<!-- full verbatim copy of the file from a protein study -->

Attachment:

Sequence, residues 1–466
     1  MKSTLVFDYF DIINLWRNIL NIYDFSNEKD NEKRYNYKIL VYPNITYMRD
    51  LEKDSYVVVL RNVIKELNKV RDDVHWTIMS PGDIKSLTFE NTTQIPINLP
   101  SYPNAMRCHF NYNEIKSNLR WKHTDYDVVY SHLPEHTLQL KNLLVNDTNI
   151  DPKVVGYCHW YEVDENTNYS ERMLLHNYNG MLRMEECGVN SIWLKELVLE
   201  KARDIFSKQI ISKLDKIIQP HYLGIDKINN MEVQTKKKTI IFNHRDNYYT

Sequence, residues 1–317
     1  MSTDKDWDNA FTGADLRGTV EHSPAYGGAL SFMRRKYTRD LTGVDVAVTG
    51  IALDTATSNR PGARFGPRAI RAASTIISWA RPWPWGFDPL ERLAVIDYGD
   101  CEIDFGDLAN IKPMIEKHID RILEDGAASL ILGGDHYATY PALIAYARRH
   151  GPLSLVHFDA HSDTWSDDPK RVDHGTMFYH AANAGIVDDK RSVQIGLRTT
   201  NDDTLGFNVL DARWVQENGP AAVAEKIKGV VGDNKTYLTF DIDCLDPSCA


Sequence, residues 1–466
     1  MKSTLVFDYF DIINLWRNIL NIYDFSNEKD NEKRYNYKIL VYPNITYMRD
    51  LEKDSYVVVL RNVIKELNKV RDDVHWTIMS PGDIKSLTFE NTTQIPINLP
   101  SYPNAMRCHF NYNEIKSNLR WKHTDYDVVY SHLPEHTLQL KNLLVNDTNI
   151  DPKVVGYCHW YEVDENTNYS ERMLLHNYNG MLRMEECGVN SIWLKELVLE
   201  KARDIFSKQI ISKLDKIIQP HYLGIDKINN MEVQTKKKTI IFNHRDNYYT

Sequence, residues 1–317
     1  MSTDKDWDNA FTGADLRGTV EHSPAYGGAL SFMRRKYTRD LTGVDVAVTG
    51  IALDTATSNR PGARFGPRAI RAASTIISWA RPWPWGFDPL ERLAVIDYGD
   101  CEIDFGDLAN IKPMIEKHID RILEDGAASL ILGGDHYATY PALIAYARRH
   151  GPLSLVHFDA HSDTWSDDPK RVDHGTMFYH AANAGIVDDK RSVQIGLRTT
   201  NDDTLGFNVL DARWVQENGP AAVAEKIKGV VGDNKTYLTF DIDCLDPSCA